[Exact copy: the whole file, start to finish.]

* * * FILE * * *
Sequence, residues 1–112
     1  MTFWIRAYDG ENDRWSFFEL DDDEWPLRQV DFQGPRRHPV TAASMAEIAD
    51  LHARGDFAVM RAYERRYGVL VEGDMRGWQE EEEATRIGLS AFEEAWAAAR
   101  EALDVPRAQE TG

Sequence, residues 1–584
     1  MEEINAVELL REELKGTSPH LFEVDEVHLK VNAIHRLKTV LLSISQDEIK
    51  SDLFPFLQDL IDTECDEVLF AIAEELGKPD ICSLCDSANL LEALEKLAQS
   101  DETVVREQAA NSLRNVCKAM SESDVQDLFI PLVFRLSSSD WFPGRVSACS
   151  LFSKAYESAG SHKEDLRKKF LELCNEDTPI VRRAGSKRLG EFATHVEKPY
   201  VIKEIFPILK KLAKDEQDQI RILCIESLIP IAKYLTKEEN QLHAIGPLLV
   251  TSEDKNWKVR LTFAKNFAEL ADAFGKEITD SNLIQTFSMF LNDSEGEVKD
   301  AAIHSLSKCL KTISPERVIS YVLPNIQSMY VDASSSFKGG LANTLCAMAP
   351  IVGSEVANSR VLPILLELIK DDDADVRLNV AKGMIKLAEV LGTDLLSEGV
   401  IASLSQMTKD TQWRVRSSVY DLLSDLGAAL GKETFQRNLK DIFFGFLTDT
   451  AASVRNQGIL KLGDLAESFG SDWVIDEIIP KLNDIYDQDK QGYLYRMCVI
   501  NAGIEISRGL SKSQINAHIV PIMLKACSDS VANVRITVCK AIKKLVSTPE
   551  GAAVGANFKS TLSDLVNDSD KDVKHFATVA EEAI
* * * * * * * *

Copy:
Sequence, residues 1–112
     1  MTFWIRAYDG ENDRWSFFEL DDDEWPLRQV DFQGPRRHPV TAASMAEIAD
    51  LHARGDFAVM RAYERRYGVL VEGDMRGWQE EEEATRIGLS AFEEAWAAAR
   101  EALDVPRAQE TG

Sequence, residues 1–584
     1  MEEINAVELL REELKGTSPH LFEVDEVHLK VNAIHRLKTV LLSISQDEIK
    51  SDLFPFLQDL IDTECDEVLF AIAEELGKPD ICSLCDSANL LEALEKLAQS
   101  DETVVREQAA NSLRNVCKAM SESDVQDLFI PLVFRLSSSD WFPGRVSACS
   151  LFSKAYESAG SHKEDLRKKF LELCNEDTPI VRRAGSKRLG EFATHVEKPY
   201  VIKEIFPILK KLAKDEQDQI RILCIESLIP IAKYLTKEEN QLHAIGPLLV
   251  TSEDKNWKVR LTFAKNFAEL ADAFGKEITD SNLIQTFSMF LNDSEGEVKD
   301  AAIHSLSKCL KTISPERVIS YVLPNIQSMY VDASSSFKGG LANTLCAMAP
   351  IVGSEVANSR VLPILLELIK DDDADVRLNV AKGMIKLAEV LGTDLLSEGV
   401  IASLSQMTKD TQWRVRSSVY DLLSDLGAAL GKETFQRNLK DIFFGFLTDT
   451  AASVRNQGIL KLGDLAESFG SDWVIDEIIP KLNDIYDQDK QGYLYRMCVI
   501  NAGIEISRGL SKSQINAHIV PIMLKACSDS VANVRITVCK AIKKLVSTPE
   551  GAAVGANFKS TLSDLVNDSD KDVKHFATVA EEAI